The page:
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The public has recognized that Corporate, Chamber of Commerce Republicans,
and Wall Street Democrats
are the same party, and serve the same constituency,
and it’s NOT THEM.

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Sunday, July 30, 2017

Why Did The Obama's Need Electronics Moving Specialists to Move Out of the White House?

"MOVING MASTERS, INC., It's your Move, Call the Masters" "Quality in Electronic & Office Moving"



An Anonymous commenter provides the following observations, analysis, and commentary:
This company logo specifically mentions they specialize in moving "electronic" items. I'm not aware of any other prior occupants of the oval office removing electronic equipment by specialized carriers. This, admittedly, could be nothing - but that image just stuck with me - particularly because of his efforts to allow intel to move between agencies by his decree just prior to his leaving office.
IIRC, There also was a lot of additional construction taking place within the WH nearly the entire span of time he was in office.
Given all the leaks within the current administration, and electronic technology expanding - all that construction - Obama's latent intel legislation - the hiring of a specialized moving company/a mid size box truck to the WH during the transition - advertising it's Electronic specialty - can't help but question if any/all is related.

hmmmmmmmm?
I have no technical or electronic 'know-how', but in my household, I've had tinkerers who enjoyed building their own gaming systems. Often parts would arrive in the mail wrapped in special envelopes which resist static.
Also, I learned the hard way that magnets are the nemesis of some electronic related items. In the past, I erased all my credit cards by placing a business card printed on a refrigerator magnet into my wallet.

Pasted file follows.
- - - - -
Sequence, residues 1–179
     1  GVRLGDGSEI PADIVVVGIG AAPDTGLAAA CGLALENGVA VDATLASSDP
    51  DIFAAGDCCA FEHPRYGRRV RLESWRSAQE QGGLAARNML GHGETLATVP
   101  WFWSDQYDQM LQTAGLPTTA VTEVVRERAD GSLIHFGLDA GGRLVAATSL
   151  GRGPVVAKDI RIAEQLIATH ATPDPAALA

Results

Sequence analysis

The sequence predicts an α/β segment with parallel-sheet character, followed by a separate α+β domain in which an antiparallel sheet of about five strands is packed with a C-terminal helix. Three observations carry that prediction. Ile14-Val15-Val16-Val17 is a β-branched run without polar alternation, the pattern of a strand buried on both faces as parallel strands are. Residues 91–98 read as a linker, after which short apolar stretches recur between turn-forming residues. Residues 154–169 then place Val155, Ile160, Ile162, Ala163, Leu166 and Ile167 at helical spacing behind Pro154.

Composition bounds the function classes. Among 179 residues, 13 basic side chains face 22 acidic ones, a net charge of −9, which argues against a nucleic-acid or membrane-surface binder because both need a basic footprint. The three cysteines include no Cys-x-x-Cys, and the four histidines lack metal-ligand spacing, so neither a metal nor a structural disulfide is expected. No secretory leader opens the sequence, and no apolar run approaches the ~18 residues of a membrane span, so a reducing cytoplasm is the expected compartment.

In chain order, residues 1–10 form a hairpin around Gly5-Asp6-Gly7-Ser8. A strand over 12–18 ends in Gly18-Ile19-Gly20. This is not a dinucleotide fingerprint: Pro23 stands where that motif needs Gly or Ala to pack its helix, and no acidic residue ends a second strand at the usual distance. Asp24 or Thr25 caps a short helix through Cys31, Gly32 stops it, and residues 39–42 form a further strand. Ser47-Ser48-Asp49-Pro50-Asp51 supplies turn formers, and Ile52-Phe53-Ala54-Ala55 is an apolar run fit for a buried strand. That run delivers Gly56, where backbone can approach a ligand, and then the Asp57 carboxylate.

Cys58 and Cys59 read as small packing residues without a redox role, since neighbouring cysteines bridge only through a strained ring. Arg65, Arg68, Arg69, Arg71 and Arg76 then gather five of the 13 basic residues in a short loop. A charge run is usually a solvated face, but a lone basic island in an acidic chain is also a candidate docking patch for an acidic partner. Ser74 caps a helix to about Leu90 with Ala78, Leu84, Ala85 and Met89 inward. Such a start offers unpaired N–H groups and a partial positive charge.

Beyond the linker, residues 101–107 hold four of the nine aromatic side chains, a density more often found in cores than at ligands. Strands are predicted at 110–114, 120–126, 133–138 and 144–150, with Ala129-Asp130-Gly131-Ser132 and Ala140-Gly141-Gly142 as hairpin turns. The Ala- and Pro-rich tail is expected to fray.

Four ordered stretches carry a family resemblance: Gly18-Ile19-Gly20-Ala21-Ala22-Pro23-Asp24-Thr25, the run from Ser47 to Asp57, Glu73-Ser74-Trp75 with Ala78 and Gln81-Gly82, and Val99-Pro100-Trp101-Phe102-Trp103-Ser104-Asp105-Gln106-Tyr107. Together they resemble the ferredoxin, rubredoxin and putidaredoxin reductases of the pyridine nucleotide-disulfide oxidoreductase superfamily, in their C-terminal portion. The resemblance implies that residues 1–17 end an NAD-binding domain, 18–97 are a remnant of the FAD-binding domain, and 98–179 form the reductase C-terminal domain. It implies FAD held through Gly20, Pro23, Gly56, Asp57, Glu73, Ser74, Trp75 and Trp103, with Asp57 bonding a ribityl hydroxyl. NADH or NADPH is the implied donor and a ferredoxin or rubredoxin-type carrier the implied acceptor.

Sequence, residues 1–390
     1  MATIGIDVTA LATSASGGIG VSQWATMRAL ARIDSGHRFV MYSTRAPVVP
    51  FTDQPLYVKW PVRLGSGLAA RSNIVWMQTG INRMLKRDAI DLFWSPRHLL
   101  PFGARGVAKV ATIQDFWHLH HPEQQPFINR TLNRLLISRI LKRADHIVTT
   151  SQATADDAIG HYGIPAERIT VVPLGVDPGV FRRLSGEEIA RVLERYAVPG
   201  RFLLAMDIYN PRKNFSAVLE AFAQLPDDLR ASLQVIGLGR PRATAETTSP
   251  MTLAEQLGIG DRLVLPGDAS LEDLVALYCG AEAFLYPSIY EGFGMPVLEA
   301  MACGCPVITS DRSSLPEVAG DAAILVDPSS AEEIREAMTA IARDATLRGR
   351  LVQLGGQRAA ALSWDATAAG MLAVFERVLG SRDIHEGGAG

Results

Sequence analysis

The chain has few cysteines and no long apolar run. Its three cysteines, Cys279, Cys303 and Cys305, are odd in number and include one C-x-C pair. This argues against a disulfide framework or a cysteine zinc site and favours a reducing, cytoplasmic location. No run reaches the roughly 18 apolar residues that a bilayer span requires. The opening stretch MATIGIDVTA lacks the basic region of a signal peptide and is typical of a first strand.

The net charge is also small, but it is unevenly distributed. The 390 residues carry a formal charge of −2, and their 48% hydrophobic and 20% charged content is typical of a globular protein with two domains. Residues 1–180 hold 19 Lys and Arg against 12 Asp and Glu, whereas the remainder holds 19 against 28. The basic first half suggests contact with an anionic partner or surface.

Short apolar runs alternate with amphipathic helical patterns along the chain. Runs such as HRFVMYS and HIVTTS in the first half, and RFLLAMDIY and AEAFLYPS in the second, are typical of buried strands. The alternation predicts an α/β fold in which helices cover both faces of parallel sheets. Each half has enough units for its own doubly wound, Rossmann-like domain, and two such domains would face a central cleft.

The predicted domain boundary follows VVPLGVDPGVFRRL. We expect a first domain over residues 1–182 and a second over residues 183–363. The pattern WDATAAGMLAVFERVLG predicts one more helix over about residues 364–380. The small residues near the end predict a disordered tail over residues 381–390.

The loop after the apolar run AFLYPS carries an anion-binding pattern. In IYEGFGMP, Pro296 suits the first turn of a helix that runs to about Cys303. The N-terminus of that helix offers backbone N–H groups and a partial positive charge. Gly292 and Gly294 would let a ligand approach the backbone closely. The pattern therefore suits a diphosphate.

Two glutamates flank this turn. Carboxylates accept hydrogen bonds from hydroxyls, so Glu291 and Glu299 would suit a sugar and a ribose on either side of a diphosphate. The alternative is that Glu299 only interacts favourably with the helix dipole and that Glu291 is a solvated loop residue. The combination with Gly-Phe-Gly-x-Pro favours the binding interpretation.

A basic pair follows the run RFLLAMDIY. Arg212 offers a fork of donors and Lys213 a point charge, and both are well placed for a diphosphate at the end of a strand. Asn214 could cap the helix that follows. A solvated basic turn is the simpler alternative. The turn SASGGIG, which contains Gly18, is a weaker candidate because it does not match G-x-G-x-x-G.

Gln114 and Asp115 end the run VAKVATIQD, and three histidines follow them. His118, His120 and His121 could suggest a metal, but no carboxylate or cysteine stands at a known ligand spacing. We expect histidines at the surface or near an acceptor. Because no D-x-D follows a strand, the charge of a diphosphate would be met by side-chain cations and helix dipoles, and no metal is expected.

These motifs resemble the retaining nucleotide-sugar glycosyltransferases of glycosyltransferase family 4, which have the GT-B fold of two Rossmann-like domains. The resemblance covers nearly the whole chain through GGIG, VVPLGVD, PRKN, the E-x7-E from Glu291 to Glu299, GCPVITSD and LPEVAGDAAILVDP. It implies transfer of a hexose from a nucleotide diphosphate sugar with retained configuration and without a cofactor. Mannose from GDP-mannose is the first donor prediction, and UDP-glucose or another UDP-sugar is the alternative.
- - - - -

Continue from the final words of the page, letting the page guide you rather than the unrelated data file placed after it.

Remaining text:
I'm sure there are other reasons, but those are two issues which readily come to mind.
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For shits and giggles, let me add this little gem from memory lane to the conversation:
Recall:

Maxine Waters boasts about Obama Database video

Yes, static and magnets are enemies of electronics. So is heat, but heat wouldn't have been a factor in January.

I wonder what type of and how much electronic equipment was moved out of the White House in January 2017. Fragile monitors, certainly.

I can't imagine that the Obama administration left behind any electronic equipment.

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Now, remember, the Awan's were "IT Specialists". They had control over the Blackberries, laptops and desktop computers of 30 Congresspeople, including DNC head, Debbie Wasserman Schultz.
In today's first video by George Webb he lets loose another speculation which raises concern...

"...Actual Verizon and AT&T Blackberry stores may also have been compromised over the last twelve years"

Now, Webb is referring specifically to the stores within the Capitol which he visited and filmed offering these blackberry phone options.

On the other hand - not connected to AwanGate - I couldn't help but consider all the phone stores I've visited to upgrade cell phones over the last dozen years. How many of these stores are operated by foreign nationals - particularly by ME types? 
Here, in NY I cannot identify a single store which isn't operated by ME types. Not sure about the rest of the country but this is not a reassuring situation. 
It's not like going out for Chinese and being served by oriental staff. We are not importing these devices from the ME .

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CTO = Chief Technology Officer - Obama was the First President to have one